Allan Powell: Science and religion can and should get along

July 05, 2013|By ALLAN POWELL

For those who would like to get a “nuts and bolts” look at what scientists do, what kind of ideas they think about and their attitudes about the world, there is a compact source available. Author and science columnist Natalie Angier, in “The Canon: A Whirligig Tour of the Beautiful Basics of Science,” gives her perception of the insights about the “hard” sciences: Physics, chemistry, biology, geology and astronomy are the subjects. Angier should be congratulated for her competence and range in the production of this publication.

But a bit more needs to be done to show more about what we mean by “science.” When we filter out the essence of science, it is readily seen that we mean much more than large collections of knowledge in the various realms of research. Three important elements of science should include method(s), attitudes and assumptions. Each of these is required to fully understand how scientists accumulate these bodies of reliable knowledge.

When writing about the methodology of science, it is customary to mention observation, experimentation and verification and then describe this as “empiricism.” While this means that this approach uses our physical senses for discovery, it implies that very sophisticated technology is used to extend and make more accurate what is found about the natural world.

Scientists use reason, intuition and ordinary elimination to uncover the secrets of nature, but the process, from beginning to end, is checked by sensory confirmation. All of this makes the scientific method so remarkable: It is the only self-correcting method known to man. There are missteps and miscalls that cause temporary setbacks, but, because science is open for inspection by others, mistakes are made right and the scientific community moves forward.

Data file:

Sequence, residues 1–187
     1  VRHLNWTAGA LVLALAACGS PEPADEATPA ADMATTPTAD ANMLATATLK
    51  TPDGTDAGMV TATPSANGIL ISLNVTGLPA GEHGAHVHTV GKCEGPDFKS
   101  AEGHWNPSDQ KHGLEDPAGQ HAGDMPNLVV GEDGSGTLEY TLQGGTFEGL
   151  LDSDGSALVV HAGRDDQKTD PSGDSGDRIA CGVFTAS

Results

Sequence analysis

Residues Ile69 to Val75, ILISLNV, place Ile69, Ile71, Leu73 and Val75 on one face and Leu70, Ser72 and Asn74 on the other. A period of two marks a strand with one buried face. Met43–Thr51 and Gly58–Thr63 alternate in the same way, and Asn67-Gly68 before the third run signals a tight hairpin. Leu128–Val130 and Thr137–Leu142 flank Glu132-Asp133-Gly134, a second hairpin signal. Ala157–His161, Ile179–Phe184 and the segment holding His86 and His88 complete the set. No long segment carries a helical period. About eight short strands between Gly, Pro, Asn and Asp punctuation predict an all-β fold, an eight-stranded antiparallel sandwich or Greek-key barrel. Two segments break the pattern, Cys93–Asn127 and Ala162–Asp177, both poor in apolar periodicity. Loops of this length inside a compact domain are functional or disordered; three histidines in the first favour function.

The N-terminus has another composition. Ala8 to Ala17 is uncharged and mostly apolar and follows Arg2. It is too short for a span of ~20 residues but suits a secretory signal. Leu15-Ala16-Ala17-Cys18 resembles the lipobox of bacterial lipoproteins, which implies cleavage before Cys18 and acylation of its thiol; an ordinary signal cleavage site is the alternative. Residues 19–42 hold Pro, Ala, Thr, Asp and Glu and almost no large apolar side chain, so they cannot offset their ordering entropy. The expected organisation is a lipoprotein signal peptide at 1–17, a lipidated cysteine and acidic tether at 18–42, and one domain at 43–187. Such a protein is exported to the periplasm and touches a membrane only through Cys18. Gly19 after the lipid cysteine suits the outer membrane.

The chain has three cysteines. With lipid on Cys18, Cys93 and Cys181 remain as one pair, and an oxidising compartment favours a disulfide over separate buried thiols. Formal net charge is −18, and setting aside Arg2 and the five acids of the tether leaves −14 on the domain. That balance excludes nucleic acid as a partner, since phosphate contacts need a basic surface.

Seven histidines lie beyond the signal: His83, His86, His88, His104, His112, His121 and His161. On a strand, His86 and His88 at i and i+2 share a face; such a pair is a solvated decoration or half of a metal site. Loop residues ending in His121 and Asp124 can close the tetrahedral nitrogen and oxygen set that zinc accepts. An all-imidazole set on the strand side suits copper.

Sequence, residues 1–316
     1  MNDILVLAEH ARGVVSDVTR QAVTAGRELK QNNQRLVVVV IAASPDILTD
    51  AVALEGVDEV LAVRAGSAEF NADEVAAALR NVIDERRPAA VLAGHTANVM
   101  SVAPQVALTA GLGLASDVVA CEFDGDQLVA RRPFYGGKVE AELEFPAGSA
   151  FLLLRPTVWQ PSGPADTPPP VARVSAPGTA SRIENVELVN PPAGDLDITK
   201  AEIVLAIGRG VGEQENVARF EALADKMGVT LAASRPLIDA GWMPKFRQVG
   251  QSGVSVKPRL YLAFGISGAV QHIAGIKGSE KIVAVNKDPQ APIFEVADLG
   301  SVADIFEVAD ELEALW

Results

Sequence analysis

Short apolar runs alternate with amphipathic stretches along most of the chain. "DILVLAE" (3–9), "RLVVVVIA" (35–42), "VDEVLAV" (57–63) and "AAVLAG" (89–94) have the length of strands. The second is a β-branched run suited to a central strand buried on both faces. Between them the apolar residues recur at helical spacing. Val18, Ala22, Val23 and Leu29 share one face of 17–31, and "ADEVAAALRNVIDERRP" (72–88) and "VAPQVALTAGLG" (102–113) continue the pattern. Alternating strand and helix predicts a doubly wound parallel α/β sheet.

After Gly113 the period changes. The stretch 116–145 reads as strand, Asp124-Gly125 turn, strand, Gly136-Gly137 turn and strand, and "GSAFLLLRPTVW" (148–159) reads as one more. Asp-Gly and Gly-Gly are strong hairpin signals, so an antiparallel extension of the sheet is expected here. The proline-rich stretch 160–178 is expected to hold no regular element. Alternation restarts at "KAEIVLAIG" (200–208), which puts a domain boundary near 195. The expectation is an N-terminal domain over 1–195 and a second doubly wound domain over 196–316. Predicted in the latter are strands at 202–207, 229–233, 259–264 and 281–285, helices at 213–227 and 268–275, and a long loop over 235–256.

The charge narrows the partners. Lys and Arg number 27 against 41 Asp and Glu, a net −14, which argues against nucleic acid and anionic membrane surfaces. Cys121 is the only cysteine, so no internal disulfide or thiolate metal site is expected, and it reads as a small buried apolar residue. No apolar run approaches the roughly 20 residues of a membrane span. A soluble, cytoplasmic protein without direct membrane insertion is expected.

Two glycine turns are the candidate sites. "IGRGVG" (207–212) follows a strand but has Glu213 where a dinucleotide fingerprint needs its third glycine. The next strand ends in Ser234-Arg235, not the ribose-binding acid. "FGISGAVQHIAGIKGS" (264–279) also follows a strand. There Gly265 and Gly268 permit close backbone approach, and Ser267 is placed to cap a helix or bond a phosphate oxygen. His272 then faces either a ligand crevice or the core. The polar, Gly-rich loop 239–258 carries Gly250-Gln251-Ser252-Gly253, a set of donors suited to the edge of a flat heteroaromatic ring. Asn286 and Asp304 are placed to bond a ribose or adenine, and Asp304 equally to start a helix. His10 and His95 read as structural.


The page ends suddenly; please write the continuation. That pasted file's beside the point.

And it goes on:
One method will illustrate the general idea of “method.” The method of difference states that “the investigator will make a difference to see if the difference makes a difference.” Accordingly, the investigator varies one of several variables at a time to see the various results. This controlled separation shows the connections which are being studied.

The second basic consideration is the attitudes required in scientific studies. The one most frequently noted is that of objectivity. Scientists are expected to restrain from permitting their personal tastes, preferences and dislikes from influencing the interpretation of their findings. This is actually hard to do and bears watching. It is known that one as prominent as Sir Isaac Newton was fascinated with alchemy.

With regard to the point that scientists make assumptions that are taken as “given” or “constant” as a starting point for their thinking about the way nature works, two will be sufficient for illustration: causality and naturalism. In science, it is assumed that as a very high probability that when there is an invariant connection between an “A” event and “B” event that a causal relation exists. This makes events in the physical world predictable.

Naturalism is the view that all physical events are the result of regularities uninfluenced by external unknowable or higher powers. A scientist has the personal freedom to believe otherwise because of personal hopes and values, but that scientist is surely aware that his or her extrascientific point of view is not compatible with what the large community of scientists support.

This brings up the inevitable issue of the so-called war between science and religion. There can be little doubt that collisions wax and wane over claims made by both parties. My own view is that while the opportunities are there and that a history of these confrontations show a willingness to engage, conflict is not necessary. Hostility could be avoided if each of these two institutional giants will be humble enough to recognize their limitations.

Scientists must recognize that they lack the capacity to make pronouncements in those very important areas known as values and metaphysics (the spiritual world). Likewise, representatives of various religions must accept the fact that, when they make dogmatic statements about the physical world that are in direct conflict with known and verifiable evidence, they will be asking for tension.

The larger view of science opens the door to a rapprochement with religion on the grounds that there is adequate room for both, perspectives to cohabit the earth because both perspectives are valuable to human well-being.

Allan Powell is professor emeritus in philosophy at Hagerstown Community College.

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